For those of you who know me and/or have been through my sales methodology training know that I'm not an advocate for the "just checking in" follow-up call. It really is a waste of a sales call and a wasted opportunity. Even still, many sales people including those with years and years of experience struggle to come up with a compelling alternative.
In order to maintain your sales momentum and keep enthusiasm high on behalf of your prospect (about working with you and your firm) you need to bring value to every interaction. This of course requires careful call planning and rethinking your sales follow-up call strategy. Here are three alternatives to "checking in" as your sales follow-up call.
Articulate Your Value (and quantify it)
Your prospects are not going to commit to taking action (leave their status quo and work with you) until you demonstrate how you can impact their organization. Do you have a value proposition? If not, download my value proposition playbook and build one. Then, reiterate it to your prospects over and over and over again. Your prospects need to understand how you can impact them and their business. Hint: It has nothing to do with your candidate database or how quickly you can find candidates.
Download Now: Top Sales Prospecting Techniques That Book More Meetings
Your sales follow-up call might sound something like this: "Jim, in our previous conversation you shared with me how important it is to getting your new application into production in order to capture market share and eliminate the support costs of your old, legacy product. Let's schedule a time to meet so I can share with you how we have accomplished this for our other clients in the high-tech industry."
Share Your Thoughts, Ideas and Industry Insights
We all know the staffing industry to a large extent has been commoditized and that we all essentially provide the same service offerings and are working from the same candidate pool. But there is still one thing that your competitors can't take or copy from you. Your original ideas, thoughts and insights. You need to share your ideas and insights with your prospects so that they know that you're always thinking about them, even when you are not communicating with them.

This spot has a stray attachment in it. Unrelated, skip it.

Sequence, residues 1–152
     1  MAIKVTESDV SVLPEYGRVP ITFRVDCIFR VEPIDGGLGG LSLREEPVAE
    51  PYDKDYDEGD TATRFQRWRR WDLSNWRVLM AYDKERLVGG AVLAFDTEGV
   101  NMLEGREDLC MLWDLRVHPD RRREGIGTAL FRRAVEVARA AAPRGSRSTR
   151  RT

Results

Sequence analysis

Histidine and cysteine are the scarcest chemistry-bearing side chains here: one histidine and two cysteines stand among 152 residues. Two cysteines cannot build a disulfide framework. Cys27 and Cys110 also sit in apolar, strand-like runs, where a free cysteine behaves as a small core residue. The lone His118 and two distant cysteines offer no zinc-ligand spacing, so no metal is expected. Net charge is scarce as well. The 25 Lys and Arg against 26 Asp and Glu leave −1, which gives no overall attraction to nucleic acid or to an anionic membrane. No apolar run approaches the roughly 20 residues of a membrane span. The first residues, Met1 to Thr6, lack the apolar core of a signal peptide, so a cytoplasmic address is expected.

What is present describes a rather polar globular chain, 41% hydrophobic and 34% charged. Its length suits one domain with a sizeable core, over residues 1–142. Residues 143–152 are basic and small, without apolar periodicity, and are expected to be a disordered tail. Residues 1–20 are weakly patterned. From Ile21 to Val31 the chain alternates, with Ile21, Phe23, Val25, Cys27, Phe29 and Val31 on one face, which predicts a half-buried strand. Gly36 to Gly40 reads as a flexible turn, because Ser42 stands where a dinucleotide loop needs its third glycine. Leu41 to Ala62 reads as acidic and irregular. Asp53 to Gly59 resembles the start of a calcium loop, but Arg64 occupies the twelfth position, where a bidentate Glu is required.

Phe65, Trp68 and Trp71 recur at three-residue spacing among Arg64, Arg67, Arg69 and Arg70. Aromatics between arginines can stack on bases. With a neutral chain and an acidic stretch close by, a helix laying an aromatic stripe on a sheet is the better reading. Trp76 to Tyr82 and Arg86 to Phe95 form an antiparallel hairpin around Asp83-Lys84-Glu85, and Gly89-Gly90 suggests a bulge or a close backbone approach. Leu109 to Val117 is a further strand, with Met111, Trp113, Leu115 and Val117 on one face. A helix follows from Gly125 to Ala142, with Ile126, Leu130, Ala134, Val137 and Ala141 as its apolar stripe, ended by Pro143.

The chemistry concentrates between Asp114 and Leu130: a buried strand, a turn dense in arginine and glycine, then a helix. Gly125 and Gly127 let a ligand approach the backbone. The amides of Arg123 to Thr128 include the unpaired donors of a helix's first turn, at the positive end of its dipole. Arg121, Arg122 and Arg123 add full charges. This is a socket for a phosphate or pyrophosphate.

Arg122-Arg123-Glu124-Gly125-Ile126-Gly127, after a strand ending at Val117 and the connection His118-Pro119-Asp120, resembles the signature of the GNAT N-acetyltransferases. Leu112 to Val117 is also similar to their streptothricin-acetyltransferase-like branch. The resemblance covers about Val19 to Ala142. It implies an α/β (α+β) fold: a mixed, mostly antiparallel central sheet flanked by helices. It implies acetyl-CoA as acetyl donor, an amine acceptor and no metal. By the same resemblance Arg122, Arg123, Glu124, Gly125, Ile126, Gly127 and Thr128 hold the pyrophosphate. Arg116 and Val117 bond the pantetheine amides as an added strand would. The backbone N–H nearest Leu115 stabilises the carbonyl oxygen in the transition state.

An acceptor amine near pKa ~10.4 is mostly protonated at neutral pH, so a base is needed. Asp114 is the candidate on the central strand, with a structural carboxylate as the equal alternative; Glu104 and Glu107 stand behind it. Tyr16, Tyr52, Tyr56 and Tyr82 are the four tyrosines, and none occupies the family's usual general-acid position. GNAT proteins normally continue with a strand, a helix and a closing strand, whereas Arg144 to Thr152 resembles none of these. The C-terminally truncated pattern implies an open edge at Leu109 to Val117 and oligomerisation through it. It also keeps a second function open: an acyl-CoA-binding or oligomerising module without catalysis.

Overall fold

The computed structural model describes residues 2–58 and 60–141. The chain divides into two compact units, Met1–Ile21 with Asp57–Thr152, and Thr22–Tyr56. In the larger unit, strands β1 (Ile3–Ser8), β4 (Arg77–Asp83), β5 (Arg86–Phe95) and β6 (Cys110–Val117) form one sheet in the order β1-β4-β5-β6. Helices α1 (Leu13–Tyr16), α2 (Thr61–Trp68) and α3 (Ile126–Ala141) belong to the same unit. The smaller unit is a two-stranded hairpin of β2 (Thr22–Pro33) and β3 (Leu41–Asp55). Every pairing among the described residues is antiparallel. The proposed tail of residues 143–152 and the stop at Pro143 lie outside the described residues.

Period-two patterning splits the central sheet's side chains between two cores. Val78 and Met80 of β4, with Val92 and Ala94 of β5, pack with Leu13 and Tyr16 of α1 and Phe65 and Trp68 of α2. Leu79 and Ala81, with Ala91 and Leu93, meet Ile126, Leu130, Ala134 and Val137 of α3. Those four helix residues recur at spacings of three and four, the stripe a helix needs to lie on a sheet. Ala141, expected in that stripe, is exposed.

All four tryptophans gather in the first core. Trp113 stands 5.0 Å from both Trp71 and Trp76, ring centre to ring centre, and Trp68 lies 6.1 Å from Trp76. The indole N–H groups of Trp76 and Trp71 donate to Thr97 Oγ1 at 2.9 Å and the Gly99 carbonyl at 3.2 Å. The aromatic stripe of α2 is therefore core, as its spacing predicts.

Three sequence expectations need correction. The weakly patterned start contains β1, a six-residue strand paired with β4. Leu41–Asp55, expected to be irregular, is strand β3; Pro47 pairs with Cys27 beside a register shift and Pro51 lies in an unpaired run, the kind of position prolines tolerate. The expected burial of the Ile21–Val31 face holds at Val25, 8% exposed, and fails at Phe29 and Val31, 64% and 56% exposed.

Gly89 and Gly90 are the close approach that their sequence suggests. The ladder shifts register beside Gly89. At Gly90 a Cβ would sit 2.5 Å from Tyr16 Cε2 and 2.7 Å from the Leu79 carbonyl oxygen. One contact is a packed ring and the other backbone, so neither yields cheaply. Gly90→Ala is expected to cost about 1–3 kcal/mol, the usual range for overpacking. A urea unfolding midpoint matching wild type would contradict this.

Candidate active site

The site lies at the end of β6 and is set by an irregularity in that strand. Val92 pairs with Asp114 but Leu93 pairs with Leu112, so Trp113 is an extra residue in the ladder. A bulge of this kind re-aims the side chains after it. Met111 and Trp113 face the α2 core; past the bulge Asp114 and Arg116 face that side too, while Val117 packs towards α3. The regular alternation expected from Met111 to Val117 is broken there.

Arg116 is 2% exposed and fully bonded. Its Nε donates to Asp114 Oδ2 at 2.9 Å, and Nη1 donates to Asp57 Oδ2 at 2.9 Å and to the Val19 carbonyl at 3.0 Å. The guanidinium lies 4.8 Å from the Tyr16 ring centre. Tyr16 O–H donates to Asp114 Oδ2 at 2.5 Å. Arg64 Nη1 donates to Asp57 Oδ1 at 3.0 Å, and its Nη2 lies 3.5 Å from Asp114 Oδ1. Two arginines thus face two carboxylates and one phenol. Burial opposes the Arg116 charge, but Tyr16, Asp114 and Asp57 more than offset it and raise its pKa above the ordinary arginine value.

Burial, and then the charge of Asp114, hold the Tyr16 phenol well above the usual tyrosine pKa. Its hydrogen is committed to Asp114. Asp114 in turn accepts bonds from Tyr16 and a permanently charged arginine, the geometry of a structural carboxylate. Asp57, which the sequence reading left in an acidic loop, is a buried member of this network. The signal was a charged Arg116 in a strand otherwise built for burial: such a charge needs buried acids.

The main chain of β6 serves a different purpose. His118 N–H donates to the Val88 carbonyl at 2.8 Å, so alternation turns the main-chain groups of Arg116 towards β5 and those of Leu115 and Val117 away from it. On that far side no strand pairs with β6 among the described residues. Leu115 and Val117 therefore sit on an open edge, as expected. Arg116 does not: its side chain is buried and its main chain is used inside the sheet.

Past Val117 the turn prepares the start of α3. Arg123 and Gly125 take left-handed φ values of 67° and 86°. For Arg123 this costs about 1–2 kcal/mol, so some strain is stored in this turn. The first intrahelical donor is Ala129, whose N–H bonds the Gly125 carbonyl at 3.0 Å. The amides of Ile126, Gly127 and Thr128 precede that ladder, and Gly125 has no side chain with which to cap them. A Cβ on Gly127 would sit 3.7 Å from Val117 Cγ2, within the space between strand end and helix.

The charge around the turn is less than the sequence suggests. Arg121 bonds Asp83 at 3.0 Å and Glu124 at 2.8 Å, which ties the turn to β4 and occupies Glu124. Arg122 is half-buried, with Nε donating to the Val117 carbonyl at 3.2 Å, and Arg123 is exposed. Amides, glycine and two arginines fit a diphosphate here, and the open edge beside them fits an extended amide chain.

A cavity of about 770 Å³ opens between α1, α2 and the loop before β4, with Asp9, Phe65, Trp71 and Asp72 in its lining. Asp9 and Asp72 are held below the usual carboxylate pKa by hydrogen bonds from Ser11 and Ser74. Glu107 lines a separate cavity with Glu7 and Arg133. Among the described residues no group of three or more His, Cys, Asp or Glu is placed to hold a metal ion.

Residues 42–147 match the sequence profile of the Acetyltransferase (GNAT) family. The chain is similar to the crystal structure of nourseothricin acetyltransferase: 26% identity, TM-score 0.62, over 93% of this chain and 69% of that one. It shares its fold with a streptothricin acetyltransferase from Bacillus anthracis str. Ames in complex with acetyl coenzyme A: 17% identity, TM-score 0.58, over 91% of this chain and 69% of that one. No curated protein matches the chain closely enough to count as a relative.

Your sales follow-up call might sound something like this: "Jim, I've given our conversation some additional thought including the challenges you're experiencing with your new mobile application. It reminded me of the work we did for <insert client name.> I learned a few things from that client project that I think you would be interested in hearing about and how it might make an impact for you and your situation. What do you say we schedule a time to talk further?"
Constantly Educate Your Prospects
One of the constant challenges for sales professionals is knowing where they stand with their prospects. The reality is you will not always know the answer to this question. In fact, most of the time you won't know because your prospects are trying to figure out the same thing. They're thinking, "do I want to hire Dan and Menemsha Group for sales training? Do I think they could make an impact? Would it be worth the time and energy to change from my current situation?" How should sales people handle this? My thought is we should keep giving them more reasons to work with us. Just look at this blog post as an example. I'm trying to educate my followers. The idea is by educating my followers, if and when they need help with sales onboarding and training, recruiter training or management training, they will want to speak with me. So keep giving your prospects reasons to work with you by educating them.
Your sales follow-up call might sound something like this: "Jim, I know taking on this project is a big decision and a big investment and that it will have a big impact on you and your team. This is why I thought you might be interested in <insert article, ROI calculator, case study, white paper, eBook, etc.>. Let's schedule a time to talk through your questions and concerns."
Can you see the difference between these approaches and the "just checking in" approach? These alternatives build value into the sales process. By sharing fresh ideas and insights you position you as a genuine sales person who sincerely cares about the prospect and his or her well being. They make the interaction valuable and memorable for the prospect. Stop using the line "I'm just checking in," and start helping (and influencing) your prospects decision making process.
How do you make sales follow-up calls? What is your strategy? What do find most frustrating about this process? Let's start a conversation in the comments section below.